In recent years there has been quite the controversy over charter schools. What’s that all about?? Today we are going to break it down. What I have found in my research is two basic things. The intentions of charter schools are good, however, not in all cases do they work out for the best. Today we’ll take a look at what’s working and what’s not.
What is a Charter School?
First off, let’s start with a brief explanation of what a charter school is. Appearing in the early 1990s, Charter Schools are independently operated publicly funded schools. They are often started by for profit organizations, community organizations, parents, or teachers. While their funding does come from tax dollars they may also receive funding from private sources but they do not charge tuition. This is a unique set up that requires the schools to adhere to basic state curricular requirements but allows teachers and administrators flexibility and control of the methods and culture of the school. States must approve each school’s “Charter” which details it’s mission, achievement goals, and methods of assessment. The charter will last 3-10 years in which they will be reevaluated in order to keep their charter. Admission is unique at each school. Students do not need to be part of a particular district so admissions my include an application process or may simply be a lottery. Quality and popularity of each school can vary widely. It is because of this variety in quality and the various ways in which states handle the schools' charters there is controversy when it comes to these schools. To learn more about other types of public and private schools check out my article What’s the Difference?
So, as you can see the idea of the charter school is great! It is an opportunity to practically implement new teaching methods. At the same time it is publicly accessible rather than requiring steep tuition costs like independent or private schools. The best of both worlds! So, what’s the issue then?
Now that we have approximately 30 years of data we should have a good understanding of how these charter schools have done and which teaching methods work best. Unfortunately, it’s not quite worked out that way. Education is actually quite tricky to evaluate and measure because there are so many variables. You have to take into account variables such as funding, student diversity, location, economic issues, and cultural issues among others. Because public schools are largely governed by the states rather than the federal government, how charters are approved, assessed, and held accountable vary widely by state.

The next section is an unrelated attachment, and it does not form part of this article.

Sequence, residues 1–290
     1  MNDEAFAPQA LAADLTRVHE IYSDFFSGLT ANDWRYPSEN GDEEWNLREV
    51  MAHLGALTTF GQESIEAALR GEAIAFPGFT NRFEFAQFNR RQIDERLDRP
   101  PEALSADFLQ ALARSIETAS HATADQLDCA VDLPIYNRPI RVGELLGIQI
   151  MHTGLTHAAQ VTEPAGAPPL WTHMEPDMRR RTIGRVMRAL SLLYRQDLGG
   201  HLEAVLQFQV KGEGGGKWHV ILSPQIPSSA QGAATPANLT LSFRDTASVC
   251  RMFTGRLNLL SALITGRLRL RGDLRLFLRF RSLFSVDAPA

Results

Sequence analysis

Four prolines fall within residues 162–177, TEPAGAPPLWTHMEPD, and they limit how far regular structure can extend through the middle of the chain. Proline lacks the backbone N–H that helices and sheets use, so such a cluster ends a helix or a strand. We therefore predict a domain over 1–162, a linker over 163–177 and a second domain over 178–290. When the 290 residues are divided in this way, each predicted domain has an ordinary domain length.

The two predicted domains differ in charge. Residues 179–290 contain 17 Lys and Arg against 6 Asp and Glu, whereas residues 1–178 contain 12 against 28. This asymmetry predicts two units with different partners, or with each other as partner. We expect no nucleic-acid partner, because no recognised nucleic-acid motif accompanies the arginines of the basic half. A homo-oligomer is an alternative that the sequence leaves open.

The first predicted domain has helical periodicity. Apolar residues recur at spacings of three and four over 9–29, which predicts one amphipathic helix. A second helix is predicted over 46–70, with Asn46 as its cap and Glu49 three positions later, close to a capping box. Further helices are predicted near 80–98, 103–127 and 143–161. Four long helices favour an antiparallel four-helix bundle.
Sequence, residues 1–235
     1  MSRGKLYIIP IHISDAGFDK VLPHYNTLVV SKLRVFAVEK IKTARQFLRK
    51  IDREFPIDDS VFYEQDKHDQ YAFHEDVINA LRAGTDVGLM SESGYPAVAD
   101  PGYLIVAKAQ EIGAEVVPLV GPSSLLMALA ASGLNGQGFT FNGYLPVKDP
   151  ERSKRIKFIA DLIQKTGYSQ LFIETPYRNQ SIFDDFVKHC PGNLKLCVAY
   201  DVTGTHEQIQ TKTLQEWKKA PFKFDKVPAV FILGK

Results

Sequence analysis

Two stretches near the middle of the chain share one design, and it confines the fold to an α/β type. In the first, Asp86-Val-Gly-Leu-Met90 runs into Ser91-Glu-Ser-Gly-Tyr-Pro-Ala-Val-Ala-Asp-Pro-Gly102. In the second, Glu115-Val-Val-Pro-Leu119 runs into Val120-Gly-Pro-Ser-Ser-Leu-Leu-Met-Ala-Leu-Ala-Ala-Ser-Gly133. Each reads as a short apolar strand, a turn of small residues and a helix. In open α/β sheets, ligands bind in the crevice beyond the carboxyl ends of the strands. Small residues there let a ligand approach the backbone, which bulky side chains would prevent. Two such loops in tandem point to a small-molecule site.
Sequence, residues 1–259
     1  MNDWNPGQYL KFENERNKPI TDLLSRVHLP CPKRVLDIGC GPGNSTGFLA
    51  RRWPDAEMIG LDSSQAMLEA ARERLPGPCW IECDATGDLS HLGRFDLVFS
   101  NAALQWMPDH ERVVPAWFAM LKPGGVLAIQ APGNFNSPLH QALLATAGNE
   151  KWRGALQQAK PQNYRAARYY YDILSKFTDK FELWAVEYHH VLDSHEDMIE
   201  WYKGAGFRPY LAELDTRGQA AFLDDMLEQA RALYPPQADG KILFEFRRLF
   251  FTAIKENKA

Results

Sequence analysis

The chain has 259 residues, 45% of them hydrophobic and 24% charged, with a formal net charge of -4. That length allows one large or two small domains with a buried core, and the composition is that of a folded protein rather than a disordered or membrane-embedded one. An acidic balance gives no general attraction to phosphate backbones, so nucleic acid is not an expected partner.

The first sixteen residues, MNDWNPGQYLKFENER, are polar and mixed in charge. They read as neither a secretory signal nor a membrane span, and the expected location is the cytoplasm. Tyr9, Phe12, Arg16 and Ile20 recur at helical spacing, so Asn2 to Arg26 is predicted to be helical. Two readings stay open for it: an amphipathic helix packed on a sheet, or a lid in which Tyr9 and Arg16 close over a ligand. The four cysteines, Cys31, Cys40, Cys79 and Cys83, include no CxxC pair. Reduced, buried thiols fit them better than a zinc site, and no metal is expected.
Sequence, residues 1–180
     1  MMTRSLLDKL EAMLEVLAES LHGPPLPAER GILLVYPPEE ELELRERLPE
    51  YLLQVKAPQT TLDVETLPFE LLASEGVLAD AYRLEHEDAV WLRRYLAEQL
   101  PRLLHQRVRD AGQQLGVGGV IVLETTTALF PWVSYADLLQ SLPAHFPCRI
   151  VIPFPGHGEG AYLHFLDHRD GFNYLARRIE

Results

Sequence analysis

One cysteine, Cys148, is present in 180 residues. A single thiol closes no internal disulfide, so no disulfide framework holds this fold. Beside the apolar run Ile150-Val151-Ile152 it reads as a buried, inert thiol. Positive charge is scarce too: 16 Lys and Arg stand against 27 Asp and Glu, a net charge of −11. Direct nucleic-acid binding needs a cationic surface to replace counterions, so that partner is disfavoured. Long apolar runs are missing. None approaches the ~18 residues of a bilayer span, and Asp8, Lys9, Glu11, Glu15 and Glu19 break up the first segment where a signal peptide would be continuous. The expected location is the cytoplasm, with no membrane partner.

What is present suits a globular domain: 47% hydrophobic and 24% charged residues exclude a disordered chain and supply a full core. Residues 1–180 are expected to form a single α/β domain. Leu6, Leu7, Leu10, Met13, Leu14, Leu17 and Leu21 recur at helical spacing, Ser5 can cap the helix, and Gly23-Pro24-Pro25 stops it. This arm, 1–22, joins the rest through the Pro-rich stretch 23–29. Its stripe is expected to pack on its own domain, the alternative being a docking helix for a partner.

Let’s break things down by pros and cons first then we can dive into the details.
The Bottom Line
The fact of the matter is, it all depends. It depends on the state and it depends on the school. In some states charter schools are going well just as some schools are doing amazing innovative work. In other states and other schools things aren’t going so well. This has to do with how differently states oversee charters. For example, in some states a charter is renewed every 3-5 years and if things aren’t found to be up to par they will have 1 year to make changes. However, there are a few states where charters aren’t up for renewal for up to 15 years. This means that in some cases there are students who could make it all the way through their education with out their schools being reviewed. To learn more about how each state handles charter schools in general take a look at this 50 State Comparison by the Education Commission of the States. As a matter of fact, in some states there is such insufficient oversight that a 2015 report cites $203 million in fraud, waste, and mismanagement, including the 2014 total plus $23 million in new cases, and $44 million in earlier cases not included in 2014’s report. The report, titled “The Tip of the Iceberg: Charter School Vulnerabilities To Waste, Fraud, And Abuse,” was released jointly by the nonprofit organizations Alliance to Reclaim Our Schools and the Center for Popular Democracy.
There are also other nuances that are part of this controversy. Other things that are controversial in and of themselves that are inevitably part of the charter school landscape. For example, the charter school concept was first created by a teacher’s union. However, most charters are not unionized while public schools are. So the “labor vs anti-labor” discussion often comes into play here. Racial issues are also becoming more prominent. In many places we are seeing segregation grow as charter schools grow. And in recent months the idea of school choice has become more and more political and polarizing. This is due to a few things including a possibility that federal funds could end up at religious schools calling into question our country’s strict policy of “separation of church and state.” There is also a difference of opinion on whether or not a school should be treated as a competitive business. Some believe this is the best method to increase quality. Other’s believe students shouldn’t be viewed or treated as products.
As you can see, there are many variables and nuances that make this a polarizing topic. There are many innovative schools in the country because of charters. There are also many situations that are causing harm to families. I’d love to know what you think and what your experiences have been. Please feel free to share your thoughts in the comments below. As for me? It’s about finding a balance between accountability and flexibility. It’s about finding that fine line. As my husband says “humans need just enough regulation to keep themselves honest.”